Bill Bowring is professor of human rights
and international law at London Metropolitan University. He considers the
merits of the legal justification invoked by the United States and Britain in
their attempts to win approval for a possible military campaign against Iraq.
Both Tony Blair and George W. Bush are, at
the time of writing, under considerable pressure from public opinion to obtain
a further U.N. Security Council resolution before commencing the war against
Iraq which both desire.
It is clear to all that Resolution 1441 of
September 8 2002 did not contain the magic words -- "all necessary
means" -- needed to authorise the use of force.
But it will be recalled that in December
1998 the United States and Britain responded to Iraq's withdrawal of
cooperation with the U.N. weapons inspectors with stunning use of force
without any Security Council resolution. Operation Desert Fox lasted four days
and nights and involved more missiles than were used in the entire 1991 Gulf
Why have the United States and Britain
returned to the Security Council? Does the present frantic activity directed
at securing a resolution authorising use of force signify a conversion to
compliance with international law?
This seems unlikely. For decades after its
creation on June 26, 1945 the United Nations and the international law it
enshrines seemed less than relevant. This was not least because of the
dropping of the atomic bomb by the United States on Hiroshima on August 6 and
Nagasaki on August 9, 1945.
The U.N. Charter plainly prohibits the use
of force except as authorised by the Security Council, except in self-defence.
But another world war was prevented not by the Charter but by the nuclear
"mutually assured destruction" of the two super-powers.
Most local wars -- in Nicaragua and
Afghanistan for example -- were waged with impunity by the superpowers or
their surrogates, within their respective spheres of influence.
The United States refused to ratify the main
U.N. human rights treaties, and for the most part ignored the United Nations.
The Soviet Union ratified all these covenants and treaties, but continued to
perpetrate gross violations of human rights. The rhetoric of international
legal justification was rarely heard.
The spectacular end of the Cold War in
1989-1991, from the demolition of the Berlin Wall to the collapse of the
Soviet Union, appeared to promise a new beginning. But events from then
onwards present for international law a tragedy in three acts: consummation,
seduction, and rejection -- or degradation.
The consummation of law and politics in 1990
appeared to be conclusive. On August 2,1990, Iraq invaded Kuwait, and -- after
a remarkably lengthy pause -- on November 29, 1990 the U.N. Security Council
adopted Resolution 678. The Soviet Union, still just in existence, voted for
the use of force -- the incorporation in the resolution of the words "all
necessary means". China abstained. For the first time, the
"international community" appeared to act practically unanimously,
and in accordance with the Charter.
Consummation was short-lived, however. On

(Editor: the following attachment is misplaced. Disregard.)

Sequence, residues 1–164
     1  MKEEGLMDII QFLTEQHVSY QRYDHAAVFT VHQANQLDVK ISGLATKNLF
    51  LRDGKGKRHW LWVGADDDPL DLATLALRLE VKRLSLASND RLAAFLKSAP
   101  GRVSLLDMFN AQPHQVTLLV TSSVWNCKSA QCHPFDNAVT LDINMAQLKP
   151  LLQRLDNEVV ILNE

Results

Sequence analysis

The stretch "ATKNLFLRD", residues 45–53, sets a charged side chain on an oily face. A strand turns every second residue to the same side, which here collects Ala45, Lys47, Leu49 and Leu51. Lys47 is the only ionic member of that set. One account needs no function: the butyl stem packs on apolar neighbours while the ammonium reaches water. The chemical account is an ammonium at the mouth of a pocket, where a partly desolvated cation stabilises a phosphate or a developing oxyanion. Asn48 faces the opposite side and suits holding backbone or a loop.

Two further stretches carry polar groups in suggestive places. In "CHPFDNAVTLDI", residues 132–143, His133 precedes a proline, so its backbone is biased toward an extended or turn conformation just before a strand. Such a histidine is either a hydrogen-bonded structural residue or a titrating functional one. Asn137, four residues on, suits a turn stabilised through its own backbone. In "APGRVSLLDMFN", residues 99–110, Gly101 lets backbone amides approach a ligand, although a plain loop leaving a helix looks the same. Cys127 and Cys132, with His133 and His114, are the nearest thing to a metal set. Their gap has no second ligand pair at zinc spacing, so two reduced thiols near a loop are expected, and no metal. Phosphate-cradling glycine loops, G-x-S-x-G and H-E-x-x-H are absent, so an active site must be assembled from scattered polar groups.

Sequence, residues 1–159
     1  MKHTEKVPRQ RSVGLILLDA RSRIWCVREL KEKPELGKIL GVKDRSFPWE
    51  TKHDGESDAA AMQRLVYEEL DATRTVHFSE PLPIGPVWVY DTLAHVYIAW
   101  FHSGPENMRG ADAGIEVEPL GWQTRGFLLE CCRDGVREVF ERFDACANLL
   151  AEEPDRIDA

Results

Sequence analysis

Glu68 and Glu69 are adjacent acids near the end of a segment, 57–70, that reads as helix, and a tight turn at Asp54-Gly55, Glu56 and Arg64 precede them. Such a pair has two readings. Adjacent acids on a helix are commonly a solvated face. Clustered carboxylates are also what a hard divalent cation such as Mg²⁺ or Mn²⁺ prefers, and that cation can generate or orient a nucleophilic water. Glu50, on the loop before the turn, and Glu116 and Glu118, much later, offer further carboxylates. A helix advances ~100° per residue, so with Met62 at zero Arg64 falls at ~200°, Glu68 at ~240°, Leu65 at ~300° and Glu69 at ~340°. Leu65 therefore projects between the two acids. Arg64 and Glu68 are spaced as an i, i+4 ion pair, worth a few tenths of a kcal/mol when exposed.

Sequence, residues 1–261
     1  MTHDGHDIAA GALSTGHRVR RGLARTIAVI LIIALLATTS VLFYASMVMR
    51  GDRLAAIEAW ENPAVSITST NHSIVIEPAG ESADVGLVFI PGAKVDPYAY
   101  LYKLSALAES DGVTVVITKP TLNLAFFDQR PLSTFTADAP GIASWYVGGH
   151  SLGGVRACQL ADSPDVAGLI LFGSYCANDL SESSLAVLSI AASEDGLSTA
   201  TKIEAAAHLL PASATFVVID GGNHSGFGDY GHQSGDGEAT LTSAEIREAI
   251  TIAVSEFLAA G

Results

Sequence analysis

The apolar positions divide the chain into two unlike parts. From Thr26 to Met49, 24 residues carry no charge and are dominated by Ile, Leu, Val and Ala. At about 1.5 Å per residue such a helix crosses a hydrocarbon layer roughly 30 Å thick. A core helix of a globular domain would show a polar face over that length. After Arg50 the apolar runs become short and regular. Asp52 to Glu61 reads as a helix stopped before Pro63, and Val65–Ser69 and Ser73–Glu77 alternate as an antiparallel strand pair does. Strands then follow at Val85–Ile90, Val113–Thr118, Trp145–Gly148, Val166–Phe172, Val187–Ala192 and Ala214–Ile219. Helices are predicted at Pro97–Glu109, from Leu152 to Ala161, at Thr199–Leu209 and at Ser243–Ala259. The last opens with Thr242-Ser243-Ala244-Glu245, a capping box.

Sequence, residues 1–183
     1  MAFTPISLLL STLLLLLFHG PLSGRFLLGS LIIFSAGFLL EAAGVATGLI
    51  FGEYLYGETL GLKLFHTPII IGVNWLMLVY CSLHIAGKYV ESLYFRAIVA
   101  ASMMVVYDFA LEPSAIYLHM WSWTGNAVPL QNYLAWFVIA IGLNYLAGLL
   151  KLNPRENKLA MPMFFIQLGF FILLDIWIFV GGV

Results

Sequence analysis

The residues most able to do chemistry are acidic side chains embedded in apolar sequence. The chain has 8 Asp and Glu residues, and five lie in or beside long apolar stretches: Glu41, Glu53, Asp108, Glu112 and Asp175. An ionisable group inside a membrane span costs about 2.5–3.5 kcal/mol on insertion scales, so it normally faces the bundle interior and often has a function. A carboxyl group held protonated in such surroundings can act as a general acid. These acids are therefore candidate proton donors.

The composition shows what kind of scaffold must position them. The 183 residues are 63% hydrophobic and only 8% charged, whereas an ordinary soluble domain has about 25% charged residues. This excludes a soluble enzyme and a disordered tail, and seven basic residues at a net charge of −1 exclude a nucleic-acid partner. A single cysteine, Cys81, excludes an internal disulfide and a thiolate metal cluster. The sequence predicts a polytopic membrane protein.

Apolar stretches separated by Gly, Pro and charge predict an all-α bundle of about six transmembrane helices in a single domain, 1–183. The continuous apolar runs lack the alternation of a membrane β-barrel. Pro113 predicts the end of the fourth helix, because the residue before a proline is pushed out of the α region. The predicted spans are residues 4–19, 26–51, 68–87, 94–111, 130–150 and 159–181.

March 24, 1999, after the breakdown of the Rambouillet negotiations over the
fate of Kosovo and the Kosovars, Operation Allied Force was launched.
This was the start of a 78-day bombing
campaign, which was never sanctioned by a U.N. Security Council resolution.
Resolution 1244 did not endorse the use of force, but sought to deal with its
consequences. The Independent Commission on Kosovo judged the action to have
been "illegal but legitimate". Scholars debated the question whether
there was a new international law of humanitarian intervention, an extension
of the Charter.
The third act in this tragedy was the
blatant and cynical rejection of international law in the campaign against
Afghanistan, following September 11.
It is clear that in resolutions 1368 (2001)
of September 12, 2001, and 1373 (2001) of September 28, 2001 the Security
Council neither endorsed nor authorised the military action, merely noted that
it was taking place, and further noted the allies’ justification of
So I repeat: why the
return to the Security Council? Many scholars of international
relations deny that law, or indeed the United Nations itself, have any
influence whatever on the actions of the great powers.
The recently published and highly
influential book by John L. Mearsheimer of the University of Chicago,
"The Tragedy of Great Power Politics", is a case in point.
DICTATES OF REALISM
In his view: "There is little evidence
that (international institutions including the U.N.) can get great powers to
act contrary to the dictates of realism." Neither Britain nor the United
States has impeccable democratic credentials. Britain has made it clear that
military action could commence without consulting Parliament.
The United States is led by a president whom
many voters believe did not win the presidential election. In both countries,
public opinion is feared by their respective leaders. And it is clear that
international legality, and in particular action through, and authorised by
the United Nations, is highly valued by the public.
Moreover the United Nations, for all its
imperfections, is the only forum in which the less powerful states can make
their voices heard. Not only can they speak out, but the U.N.’s mechanisms,
such as the General Assembly and Security Council, have the capacity on
occasion to restrain the powerful.
International law is produced by and
reflects international politics. The United Nations and its Security Council
are political institutions, in which the most powerful states inevitable call
But law also has a life of its own, as Bush
and Blair now find to their discomfort.